Spotlight on England Rugby: Back to Basics

I really think England need to get back to basics.

I say this as I’m forced to admit to myself that in this last world cup cycle England Rugby have been, frustrating to watch. Last Autumn we saw in the space of four games a team lose it’s way and then completely re-invent itself with a switch of game plan and a change in key personnel and for the most part it worked.

Post six nations I felt a little more positive, a pack that was able to get on the front foot and bully other teams gave a pretty exciting back line some decent go forward ball and with George Ford pulling the strings we saw some excellent running rugby, and some amazing tries scored. Ok, the final game against France kind of over egged the pudding a bit but essentially the report card was probably a B+, possibly an A-.

On reflection though, among the good Rugby there were also some choppy patches as well. Certainly there were times when England came undone, Ireland being the most obvious of occasions where England were out thought, out muscled and completely outplayed. But also looking back, for large periods of the French game England were taken to task. Let’s face facts you don’t concede 5 tries to a side that can’t build some momentum and regardless of how lost at sea France were this last year they have always had a solid, competent aggressive pack.

Now post loss to France in the warm up game, I’m again left feeling England really come unstuck because they seem to be unable to decide how they want to play.

Back in December I wrote an article on England’s inability to get over the gain line during last season’s Autumn internationals. ( )I felt that England were a side lacking in identity trying to play a style of rugby that was alien to their skills and mental ability and I think this is still a major issue for them.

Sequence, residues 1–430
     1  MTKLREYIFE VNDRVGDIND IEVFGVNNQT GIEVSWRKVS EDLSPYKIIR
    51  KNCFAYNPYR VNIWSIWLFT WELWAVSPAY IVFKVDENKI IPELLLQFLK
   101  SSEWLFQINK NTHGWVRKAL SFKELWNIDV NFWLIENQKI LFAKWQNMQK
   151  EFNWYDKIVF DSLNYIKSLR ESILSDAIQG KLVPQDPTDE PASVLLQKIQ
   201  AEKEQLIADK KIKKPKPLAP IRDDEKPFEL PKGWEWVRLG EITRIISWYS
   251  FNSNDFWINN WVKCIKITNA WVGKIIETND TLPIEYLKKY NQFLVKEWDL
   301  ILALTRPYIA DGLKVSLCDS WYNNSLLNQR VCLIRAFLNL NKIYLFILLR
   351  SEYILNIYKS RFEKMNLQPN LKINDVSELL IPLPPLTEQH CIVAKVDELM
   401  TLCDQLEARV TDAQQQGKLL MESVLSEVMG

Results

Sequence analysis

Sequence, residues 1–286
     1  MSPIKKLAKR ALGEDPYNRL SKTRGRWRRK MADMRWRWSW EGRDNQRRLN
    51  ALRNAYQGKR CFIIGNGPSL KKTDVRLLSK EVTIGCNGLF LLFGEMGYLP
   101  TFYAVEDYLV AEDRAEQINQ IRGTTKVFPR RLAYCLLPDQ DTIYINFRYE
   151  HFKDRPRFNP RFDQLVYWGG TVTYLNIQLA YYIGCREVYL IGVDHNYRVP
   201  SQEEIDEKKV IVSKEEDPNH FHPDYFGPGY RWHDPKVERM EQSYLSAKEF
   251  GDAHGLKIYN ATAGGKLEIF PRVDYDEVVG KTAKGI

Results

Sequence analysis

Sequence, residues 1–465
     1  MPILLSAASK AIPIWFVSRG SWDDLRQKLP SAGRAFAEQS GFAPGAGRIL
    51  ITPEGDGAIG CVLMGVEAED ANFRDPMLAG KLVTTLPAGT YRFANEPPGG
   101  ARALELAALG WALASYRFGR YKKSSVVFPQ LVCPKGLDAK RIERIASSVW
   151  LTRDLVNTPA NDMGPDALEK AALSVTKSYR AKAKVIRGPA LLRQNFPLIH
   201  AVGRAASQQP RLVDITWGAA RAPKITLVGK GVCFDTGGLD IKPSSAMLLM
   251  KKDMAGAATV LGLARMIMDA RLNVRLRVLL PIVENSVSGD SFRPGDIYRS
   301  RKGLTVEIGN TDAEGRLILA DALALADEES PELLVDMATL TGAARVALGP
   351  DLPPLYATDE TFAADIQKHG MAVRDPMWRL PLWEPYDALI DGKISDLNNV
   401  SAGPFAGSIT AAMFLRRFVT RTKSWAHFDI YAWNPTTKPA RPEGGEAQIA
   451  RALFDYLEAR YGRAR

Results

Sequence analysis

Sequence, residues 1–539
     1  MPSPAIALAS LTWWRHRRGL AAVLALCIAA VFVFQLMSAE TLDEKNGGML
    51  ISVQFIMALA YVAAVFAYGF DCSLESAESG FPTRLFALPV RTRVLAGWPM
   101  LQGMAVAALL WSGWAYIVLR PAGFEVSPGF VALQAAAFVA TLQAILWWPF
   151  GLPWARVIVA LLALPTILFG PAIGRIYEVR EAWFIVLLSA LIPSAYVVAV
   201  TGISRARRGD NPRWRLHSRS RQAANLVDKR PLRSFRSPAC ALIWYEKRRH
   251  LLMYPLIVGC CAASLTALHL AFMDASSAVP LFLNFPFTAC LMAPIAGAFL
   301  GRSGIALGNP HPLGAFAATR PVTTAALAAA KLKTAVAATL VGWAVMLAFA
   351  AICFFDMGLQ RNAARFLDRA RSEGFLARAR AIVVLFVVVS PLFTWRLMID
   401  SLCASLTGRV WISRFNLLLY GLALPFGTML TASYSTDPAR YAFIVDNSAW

Is it a team that dominate the gain line, get on the front foot and then use that space? Or is it a team that sit back waiting for mistakes they then exploit either on the counter attack or with the boot the New Zealand style?

Ok, that over simplifies International Rugby somewhat, quite a bit actually, but the point is I’m again left struggling to see what England are aiming for.

If I look through the team there are some genuinely excellent players. Are they world class players? Some of them yes, but not all of them – and that’s ok. They are certainly all international class though and as long as everyone is singing from the same hymn sheet they should be able to produce consistently competitive performances, even in defeat.

This is where England concerns me the most, when they fail they really fail, and for me that comes down to a lack of leadership and guidance in the direction the team is going.

When I talk about leadership I don’t mean the Captain, though he must certainly shoulder part of the blame. I mean the core of the team, the cadre that can analyse and correct a game in full flow, the group of players and coaches who can grab a team, change their game plan and claw their way back into a game, and against France that leadership came with the introduction of old heads in Nick Easter, Danny Care and Danny Cipriani.

I don’t mean this as a criticism of anyone in the England set up, I am a Lancaster fanboy. I feel he and his team have been excellent for England, transformative even, and unlike a lot of people I’m very happy for Robshaw to be the England captain.

But I do think that lack of leadership stems from the aforementioned issue, where England to me seem to be stuck between trying to play their traditional power game and replicating the high tempo high skill game of New Zealand. Admirable as it is, it’s ultimately a futile task for the simple fact the average English players are not as skillful in open play as their New Zealand, South African or Australian counterparts.

So how does England address these issues ahead of the world cup?